"We have been reading for some time now about the demographic shift that was occurring in the nation, but I don't think we in higher education have truly digested the impact it will have on our institutions," writes David Wilson, president of Morgan State University, in an opinion article for The Baltimore Sun.
"Two weeks ago, the Southern Education Foundation released a report, A New Majority, concluding that, for the first time in our history, the majority of students in America who are attending public schools qualify for free and reduced price lunches under a federal program designed to assist the lowest income students. In Maryland, the figure is 43 percent, and in Virginia it is 39 percent. And these are two of the richest states in the nation. While shocking to many, this news has not come as a surprise to those of us who have been paying attention. The reason for the concern is that numerous long-term studies show that students from families in the lowest quarter of income are only about one-fifth as likely to obtain a four-year college degree by age 25 as those from families in the highest quartile. And, unfortunately this gap has been growing.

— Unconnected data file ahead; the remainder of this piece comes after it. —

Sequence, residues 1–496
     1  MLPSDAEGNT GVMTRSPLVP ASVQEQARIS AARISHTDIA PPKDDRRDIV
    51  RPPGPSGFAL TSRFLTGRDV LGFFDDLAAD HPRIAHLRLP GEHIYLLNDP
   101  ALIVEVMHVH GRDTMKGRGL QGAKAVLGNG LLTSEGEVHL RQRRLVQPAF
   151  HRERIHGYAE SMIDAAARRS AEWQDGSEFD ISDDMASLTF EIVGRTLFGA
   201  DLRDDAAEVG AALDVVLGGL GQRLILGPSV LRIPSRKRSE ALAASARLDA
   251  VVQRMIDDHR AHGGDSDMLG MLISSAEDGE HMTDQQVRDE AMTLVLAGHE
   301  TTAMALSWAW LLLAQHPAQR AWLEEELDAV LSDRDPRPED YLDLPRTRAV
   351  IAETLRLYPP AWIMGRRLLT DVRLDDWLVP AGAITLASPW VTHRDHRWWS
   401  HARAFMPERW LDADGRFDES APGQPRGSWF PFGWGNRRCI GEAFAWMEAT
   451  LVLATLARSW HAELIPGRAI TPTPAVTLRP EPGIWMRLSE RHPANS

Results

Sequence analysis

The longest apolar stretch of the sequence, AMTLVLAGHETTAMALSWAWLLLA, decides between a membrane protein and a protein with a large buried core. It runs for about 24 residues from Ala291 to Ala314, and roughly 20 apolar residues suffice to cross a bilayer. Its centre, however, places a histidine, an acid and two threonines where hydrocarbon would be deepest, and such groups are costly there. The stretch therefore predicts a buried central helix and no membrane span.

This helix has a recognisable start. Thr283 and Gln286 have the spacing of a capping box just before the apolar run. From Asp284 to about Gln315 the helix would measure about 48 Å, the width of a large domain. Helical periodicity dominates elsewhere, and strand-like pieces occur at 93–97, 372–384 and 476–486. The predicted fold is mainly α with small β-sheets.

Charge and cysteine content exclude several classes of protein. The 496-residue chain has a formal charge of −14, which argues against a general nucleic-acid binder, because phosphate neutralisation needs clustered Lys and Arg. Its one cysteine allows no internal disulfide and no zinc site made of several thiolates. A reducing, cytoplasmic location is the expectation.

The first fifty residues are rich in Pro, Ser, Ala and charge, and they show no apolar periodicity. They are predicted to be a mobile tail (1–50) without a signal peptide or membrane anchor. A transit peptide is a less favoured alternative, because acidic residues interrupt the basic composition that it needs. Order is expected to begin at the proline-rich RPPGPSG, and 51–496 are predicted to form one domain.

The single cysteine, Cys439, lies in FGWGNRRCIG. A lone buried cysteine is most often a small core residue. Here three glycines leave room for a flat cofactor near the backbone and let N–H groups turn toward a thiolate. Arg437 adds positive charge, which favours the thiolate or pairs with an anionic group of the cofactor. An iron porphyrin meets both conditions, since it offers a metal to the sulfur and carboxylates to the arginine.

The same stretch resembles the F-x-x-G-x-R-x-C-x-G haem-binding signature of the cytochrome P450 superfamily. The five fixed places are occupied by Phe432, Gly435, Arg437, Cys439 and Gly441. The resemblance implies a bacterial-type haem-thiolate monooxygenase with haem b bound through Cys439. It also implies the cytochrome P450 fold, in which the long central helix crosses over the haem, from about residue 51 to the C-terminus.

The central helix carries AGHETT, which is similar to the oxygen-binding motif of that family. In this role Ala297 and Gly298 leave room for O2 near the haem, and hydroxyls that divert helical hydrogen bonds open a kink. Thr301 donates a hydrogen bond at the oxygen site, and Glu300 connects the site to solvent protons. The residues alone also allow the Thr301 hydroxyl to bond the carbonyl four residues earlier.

For years, my campus has been warning of the increasing number of lower income students at the elementary and secondary school levels. After all, it is these students who will make up the future pool of college students. Since the mid-1990s, the growth in lower income students, who tend to be black and Hispanic, was masked by the rapid growth in the number of children of the baby boomers, which was primarily a white phenomenon and is now over. As a result, many states are experiencing a downturn in white students graduating from college. At the same time, there has been steady growth in the percentage of blacks and Hispanics within the total pool of high school graduates. On average, these students are coming from families with lower incomes and are less prepared for college than the white students they are replacing. This comes at a time when we have placed a great deal of emphasis on increasing the rate of degree completion in the young adult population in order to improve our national economic competitiveness. Obviously, we will need to make significant adjustments if we are to reach our national and state goals for educational attainment."
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Publication Date: 2/3/2015